In the Alternatives to Incarceration panel, Angel Harris, Assistant Counsel for the NAACP Legal Defense and Education Fund, emphasized the importance of “directly impacted individuals” having a voice in addressing criminal justice issues. The intersection of mental health and the criminal justice system was topic addressed in-depth during the panel session. Judge Robert H. Downer ’76 of Charlottesville’s general district court noted the successes of the “therapeutic docket” in Charlottesville, a targeted and individualized program which seeks to divert those with mental health issues from incarceration and into treatment programs. “We harm people a great deal when we incarcerate people with mental health issues,” the judge remarked. He also commented that integrating and welcoming formerly incarcerated individuals back into society and giving people a chance at a fresh start is critical to keeping people out of the criminal justice system and reducing recidivism rates. “How we treat those who are released [from prison] is important,” said Judge Downer. This was echoed by Herb Dickerson, outreach coordinator and shift supervisor at The Haven, who said that the criminal justice system should do a better job of dealing with the underlying issues that lead people into crime in the first place. Dickerson hopes that those involved in the criminal justice system “deal with the individual and not the stigma.”
The next morning, students, faculty, and community members packed WB 101 for the Confronting Racism panel, sponsored by the Minority Rights Coalition and the Black Law Students Association. Meredith Horton ’07, Associate Legal Director for the Southern Poverty Law Center, spoke about her work challenging felon disenfranchisement laws through impact litigation. For example, in Mississippi, felons are banned from voting for life. The only ways for a released felon to have their voting rights restored are through (1) a gubernatorial pardon, (2) an executive order, or (3) a state legislator personally sponsoring the person who has completed his felony sentence and submitting legislation to restore his voting rights. This bill must pass with a two-thirds vote and be signed by the governor. Unsurprisingly, said Horton, very few people are successful with this laborious process. Michael Herring ’90, the Commonwealth’s Attorney for Richmond, noted that while most criminal defendants he sees in the courtroom are people of color, the judges, prosecutors, police officers, and defense attorneys are disproportionately white. This imbalance can lead to prosecutors having a skewed perspective on the criminally accused they see in court on their worst day and in their worst form.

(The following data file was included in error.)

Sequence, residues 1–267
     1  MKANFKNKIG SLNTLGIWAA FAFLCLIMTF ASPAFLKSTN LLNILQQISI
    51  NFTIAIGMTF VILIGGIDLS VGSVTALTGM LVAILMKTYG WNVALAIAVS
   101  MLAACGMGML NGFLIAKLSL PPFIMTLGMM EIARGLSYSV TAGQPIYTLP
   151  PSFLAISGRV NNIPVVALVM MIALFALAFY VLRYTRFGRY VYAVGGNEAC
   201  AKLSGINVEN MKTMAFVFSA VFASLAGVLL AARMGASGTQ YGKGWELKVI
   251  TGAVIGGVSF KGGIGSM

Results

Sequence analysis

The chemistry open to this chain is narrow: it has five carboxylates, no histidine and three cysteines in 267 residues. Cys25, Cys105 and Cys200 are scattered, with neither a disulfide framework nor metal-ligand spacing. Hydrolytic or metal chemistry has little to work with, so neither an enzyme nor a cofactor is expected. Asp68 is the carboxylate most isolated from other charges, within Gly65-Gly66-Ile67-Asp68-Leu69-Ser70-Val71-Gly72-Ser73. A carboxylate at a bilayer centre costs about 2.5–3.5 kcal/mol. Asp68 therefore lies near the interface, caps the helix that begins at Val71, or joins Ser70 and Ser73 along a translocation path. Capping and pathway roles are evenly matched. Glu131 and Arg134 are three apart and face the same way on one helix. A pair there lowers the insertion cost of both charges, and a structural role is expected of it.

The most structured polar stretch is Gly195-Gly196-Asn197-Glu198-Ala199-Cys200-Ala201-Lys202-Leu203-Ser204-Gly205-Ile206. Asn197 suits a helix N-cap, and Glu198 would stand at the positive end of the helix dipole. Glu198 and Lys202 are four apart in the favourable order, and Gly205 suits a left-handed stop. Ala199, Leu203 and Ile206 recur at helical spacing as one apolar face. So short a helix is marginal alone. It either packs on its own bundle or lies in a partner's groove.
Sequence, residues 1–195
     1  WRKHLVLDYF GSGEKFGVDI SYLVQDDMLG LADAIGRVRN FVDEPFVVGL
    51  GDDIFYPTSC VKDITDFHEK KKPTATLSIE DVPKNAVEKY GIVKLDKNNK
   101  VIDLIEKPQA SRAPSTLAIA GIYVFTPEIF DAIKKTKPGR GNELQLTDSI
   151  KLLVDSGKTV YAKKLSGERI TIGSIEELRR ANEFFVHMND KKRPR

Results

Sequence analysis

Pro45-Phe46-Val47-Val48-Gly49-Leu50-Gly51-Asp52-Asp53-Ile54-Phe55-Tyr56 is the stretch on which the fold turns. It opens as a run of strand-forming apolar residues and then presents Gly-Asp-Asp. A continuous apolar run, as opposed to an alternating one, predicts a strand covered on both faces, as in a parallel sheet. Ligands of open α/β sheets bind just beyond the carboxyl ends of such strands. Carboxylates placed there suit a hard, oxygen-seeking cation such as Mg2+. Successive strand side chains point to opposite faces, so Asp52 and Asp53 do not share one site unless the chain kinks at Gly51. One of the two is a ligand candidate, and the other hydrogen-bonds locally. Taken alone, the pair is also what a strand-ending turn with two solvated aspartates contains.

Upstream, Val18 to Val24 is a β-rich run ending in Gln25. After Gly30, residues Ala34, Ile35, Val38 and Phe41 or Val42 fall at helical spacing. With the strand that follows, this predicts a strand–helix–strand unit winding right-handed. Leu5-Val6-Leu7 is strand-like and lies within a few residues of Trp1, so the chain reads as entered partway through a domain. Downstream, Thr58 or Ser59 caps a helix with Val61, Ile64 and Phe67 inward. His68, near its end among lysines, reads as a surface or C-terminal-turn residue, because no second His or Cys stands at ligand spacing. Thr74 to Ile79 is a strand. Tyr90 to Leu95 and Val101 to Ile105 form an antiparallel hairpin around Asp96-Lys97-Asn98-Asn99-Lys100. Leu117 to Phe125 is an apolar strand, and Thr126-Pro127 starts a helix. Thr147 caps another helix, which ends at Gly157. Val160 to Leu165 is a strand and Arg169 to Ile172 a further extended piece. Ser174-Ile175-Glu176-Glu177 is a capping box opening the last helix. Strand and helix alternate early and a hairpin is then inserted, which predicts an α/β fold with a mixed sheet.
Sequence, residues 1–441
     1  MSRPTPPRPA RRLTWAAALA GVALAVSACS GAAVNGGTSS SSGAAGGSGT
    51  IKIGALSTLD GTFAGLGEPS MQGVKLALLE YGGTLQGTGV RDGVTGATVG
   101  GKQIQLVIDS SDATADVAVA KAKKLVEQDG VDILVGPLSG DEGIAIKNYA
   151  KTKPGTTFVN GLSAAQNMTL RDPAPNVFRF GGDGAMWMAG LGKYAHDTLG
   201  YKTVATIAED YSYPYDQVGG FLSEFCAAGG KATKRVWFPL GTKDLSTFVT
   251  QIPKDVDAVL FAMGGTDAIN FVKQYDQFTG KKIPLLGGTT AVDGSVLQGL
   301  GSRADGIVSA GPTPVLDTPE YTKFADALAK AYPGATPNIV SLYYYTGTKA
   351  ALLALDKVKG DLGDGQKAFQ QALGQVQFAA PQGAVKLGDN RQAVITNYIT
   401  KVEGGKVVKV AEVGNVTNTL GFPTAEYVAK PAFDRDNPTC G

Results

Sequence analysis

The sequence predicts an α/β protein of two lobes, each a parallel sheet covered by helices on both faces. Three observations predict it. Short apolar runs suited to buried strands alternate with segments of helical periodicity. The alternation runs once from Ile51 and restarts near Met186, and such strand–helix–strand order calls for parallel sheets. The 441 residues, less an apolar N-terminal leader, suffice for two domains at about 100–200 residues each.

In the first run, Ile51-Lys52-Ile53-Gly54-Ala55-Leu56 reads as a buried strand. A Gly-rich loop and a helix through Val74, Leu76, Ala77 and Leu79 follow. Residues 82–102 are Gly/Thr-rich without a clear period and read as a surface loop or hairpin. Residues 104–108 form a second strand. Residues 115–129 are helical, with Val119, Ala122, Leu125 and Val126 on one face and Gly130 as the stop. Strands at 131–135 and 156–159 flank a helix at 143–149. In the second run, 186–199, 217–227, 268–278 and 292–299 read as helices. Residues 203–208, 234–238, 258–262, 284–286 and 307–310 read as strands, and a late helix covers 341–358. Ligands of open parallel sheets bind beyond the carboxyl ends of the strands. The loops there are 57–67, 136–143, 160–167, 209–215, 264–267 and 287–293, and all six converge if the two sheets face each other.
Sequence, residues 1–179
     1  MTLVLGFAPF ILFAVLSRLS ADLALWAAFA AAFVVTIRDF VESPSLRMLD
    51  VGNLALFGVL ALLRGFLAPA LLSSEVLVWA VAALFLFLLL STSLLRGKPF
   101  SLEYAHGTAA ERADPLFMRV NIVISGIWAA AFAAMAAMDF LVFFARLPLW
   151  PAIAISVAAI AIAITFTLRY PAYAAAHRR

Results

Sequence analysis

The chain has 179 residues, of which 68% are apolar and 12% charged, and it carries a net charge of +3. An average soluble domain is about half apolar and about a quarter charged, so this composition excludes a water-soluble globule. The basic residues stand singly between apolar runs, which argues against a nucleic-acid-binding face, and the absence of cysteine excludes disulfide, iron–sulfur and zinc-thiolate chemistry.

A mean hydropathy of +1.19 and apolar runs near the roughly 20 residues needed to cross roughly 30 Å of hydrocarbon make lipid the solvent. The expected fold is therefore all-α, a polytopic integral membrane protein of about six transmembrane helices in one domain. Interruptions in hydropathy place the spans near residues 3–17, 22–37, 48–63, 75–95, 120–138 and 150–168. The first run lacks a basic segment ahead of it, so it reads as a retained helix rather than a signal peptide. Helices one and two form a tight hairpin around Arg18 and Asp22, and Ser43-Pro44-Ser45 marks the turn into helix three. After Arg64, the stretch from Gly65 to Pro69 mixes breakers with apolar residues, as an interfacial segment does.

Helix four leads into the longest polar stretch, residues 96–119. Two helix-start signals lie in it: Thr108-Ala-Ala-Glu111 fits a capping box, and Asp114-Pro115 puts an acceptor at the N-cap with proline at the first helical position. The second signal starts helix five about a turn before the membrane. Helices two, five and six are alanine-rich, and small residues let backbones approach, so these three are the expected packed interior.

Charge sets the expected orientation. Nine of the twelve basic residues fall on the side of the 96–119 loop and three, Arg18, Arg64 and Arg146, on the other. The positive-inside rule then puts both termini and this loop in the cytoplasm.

Following the last panel session, attendees could choose from a trio of concurrent workshops, titled: Trauma-Informed Care, Strategies for Nonprofit Litigation, and Tools for Legislative Advocacy. The conference concluded with an award ceremony honoring Chinh Q. Le ’00 and Julia Pierce ’98 with the Shaping Justice Awards for Extraordinary Achievement and Michelle Harrison ’12 with the Shaping Justice Rising Star award.
During his keynote address, Krasner said he appreciated the real change to the criminal justice system that is happening in Philadelphia and across the country, but noted how much more work he feels is still left. He urged others to get involved, calling on those in attendance to “be part of history.” As Dean Goluboff noted in her introduction of Krasner, “It is not automatic that change happens. The arc of justice does not bend without people who bend it.”